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The reason that I write anything on the internet, whether it’s on this blog or anywhere else, is because I love to tell stories. I also like sharing ideas that pop into my head on occasion, but it’s the storytelling that really sustains me. And over the past couple of days, I’ve been able to put one together that I really enjoyed telling.

The piece appeared on ChicagoSideSports today. The tragedy that happened in Washington and other places around the state of Illinois last Sunday left me wondering what I could do to help. If I can write something that puts some meat on the bones of what is already a great story of generosity and compassion, I’ll gladly do it. And if I can appeal to the readers of the story to make a donation and help these people out in some way, I’ll gladly do that too.

As I wrote this story, a combination of nostalgia and sleep deprivation served to bring my old school back to life, if only for a moment and only within the recesses of my memory. I couldn’t go back and walk the halls of Griffin High, even if I wanted to. But writing this story took me back there in a metaphorical sense. And that’s fine, because now it only exists in my memories and those of my schoolmates, anyway. The building still exists, but it wouldn’t be–and couldn’t be–the same as it was back in the 1980s.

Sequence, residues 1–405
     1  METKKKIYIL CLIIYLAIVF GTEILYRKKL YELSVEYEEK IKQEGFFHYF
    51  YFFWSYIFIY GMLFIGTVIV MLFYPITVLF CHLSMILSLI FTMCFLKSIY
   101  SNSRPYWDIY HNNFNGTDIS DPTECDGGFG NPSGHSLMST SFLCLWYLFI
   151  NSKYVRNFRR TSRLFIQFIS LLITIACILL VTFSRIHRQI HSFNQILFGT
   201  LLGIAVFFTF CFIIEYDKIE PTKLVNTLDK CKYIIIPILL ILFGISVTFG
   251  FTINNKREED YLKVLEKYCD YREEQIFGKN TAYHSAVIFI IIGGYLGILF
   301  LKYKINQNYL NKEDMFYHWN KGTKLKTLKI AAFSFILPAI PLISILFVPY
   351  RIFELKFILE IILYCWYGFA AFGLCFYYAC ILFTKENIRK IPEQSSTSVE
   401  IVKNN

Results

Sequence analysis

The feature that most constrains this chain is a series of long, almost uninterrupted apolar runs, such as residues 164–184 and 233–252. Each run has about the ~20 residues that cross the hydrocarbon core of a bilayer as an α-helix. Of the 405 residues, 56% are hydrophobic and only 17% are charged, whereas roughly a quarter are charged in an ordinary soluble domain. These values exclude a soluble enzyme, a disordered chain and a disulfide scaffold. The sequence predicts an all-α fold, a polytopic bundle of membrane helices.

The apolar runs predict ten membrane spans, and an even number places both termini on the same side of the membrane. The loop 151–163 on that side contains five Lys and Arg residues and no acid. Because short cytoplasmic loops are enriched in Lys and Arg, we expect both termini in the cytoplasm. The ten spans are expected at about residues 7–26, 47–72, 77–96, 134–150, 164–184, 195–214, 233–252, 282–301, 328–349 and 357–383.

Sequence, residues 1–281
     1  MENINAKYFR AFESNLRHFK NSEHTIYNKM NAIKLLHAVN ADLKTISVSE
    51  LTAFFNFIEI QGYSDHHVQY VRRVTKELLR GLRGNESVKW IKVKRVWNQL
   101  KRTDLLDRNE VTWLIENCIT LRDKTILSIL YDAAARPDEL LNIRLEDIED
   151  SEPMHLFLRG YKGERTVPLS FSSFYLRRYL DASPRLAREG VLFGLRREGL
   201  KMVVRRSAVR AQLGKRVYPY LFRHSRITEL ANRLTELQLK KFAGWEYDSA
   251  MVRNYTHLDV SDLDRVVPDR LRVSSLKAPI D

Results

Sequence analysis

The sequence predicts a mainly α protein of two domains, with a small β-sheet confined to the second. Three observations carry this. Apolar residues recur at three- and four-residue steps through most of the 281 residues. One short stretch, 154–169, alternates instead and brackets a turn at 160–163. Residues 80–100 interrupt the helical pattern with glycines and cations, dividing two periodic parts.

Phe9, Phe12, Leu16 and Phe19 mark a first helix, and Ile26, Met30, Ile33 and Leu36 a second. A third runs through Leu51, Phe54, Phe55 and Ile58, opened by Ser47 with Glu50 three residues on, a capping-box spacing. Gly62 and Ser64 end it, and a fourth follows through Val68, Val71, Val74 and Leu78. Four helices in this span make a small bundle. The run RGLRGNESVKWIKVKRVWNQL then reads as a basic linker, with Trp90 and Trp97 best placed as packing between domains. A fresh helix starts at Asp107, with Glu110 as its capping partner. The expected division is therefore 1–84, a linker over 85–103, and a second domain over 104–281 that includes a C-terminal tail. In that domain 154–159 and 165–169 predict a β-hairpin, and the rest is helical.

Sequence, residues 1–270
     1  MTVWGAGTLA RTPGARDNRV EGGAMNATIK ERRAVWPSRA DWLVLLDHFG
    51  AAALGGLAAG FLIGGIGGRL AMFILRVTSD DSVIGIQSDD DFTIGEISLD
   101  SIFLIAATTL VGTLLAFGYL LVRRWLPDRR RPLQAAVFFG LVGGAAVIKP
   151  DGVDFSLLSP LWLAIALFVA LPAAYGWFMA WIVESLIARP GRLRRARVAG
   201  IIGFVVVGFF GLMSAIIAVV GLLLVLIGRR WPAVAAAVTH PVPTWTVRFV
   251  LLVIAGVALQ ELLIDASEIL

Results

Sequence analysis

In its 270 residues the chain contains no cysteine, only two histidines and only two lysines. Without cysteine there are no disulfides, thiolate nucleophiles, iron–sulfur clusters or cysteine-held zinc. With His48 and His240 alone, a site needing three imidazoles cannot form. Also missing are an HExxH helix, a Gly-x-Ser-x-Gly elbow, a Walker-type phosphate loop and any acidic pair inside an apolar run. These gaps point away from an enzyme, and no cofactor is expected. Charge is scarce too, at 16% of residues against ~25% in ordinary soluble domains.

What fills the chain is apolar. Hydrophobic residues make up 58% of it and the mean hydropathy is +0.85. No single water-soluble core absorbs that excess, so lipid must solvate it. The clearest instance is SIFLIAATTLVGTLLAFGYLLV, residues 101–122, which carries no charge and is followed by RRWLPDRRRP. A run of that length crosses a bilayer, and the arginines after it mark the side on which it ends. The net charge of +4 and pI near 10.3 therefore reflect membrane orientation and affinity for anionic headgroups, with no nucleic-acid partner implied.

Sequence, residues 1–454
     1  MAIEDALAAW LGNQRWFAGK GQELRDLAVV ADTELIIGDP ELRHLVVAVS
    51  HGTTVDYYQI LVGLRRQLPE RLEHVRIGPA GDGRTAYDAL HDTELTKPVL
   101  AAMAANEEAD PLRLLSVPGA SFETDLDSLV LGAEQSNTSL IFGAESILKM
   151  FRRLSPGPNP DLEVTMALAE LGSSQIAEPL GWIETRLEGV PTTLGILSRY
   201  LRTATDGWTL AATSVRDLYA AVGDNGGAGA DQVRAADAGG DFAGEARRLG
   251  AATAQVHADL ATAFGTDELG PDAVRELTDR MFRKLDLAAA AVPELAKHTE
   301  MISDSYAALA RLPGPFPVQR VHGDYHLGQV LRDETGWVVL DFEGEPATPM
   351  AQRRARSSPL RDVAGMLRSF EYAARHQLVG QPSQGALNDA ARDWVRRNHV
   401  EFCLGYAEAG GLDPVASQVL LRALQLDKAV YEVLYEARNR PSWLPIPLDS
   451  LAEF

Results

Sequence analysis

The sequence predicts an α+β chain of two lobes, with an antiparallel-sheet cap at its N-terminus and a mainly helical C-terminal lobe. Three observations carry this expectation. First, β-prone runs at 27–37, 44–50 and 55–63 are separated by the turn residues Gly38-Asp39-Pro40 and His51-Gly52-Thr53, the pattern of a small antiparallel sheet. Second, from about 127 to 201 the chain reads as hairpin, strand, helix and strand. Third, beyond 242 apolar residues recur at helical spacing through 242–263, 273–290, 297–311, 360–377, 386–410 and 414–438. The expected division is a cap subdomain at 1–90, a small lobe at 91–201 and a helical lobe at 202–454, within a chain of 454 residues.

I’m rooting for Sacred Heart-Griffin to win this weekend, and not because I graduated from one of its predecessor schools. And it’s not because I want to deny Washington anything, either. No, this is all about being kind and generous. People don’t do that enough, and I wish I saw more of it in this world. So when it does happen, I want to celebrate it as much as possible, in the hopes that I’ll see more of it in the future. That would sure be an improvement over what we have today, wouldn’t it?

Go Cyclones!

Jersey Shore 2013 (Sandy)

One year ago today, Hurricane Sandy hit New Jersey and New York with a force that I never thought possible. I hope that the people who were impacted have found a way to move on with their lives, because there isn’t another choice for any of us.

On my honeymoon, many years ago, I took a cruise through some of the islands of the Caribbean. It seemed like every island had one storm or another come through over the years, and the locals all remember the name of that storm. And so I imagine it must be along the New Jersey shore. They’ll remember the name Sandy for a very long time to come.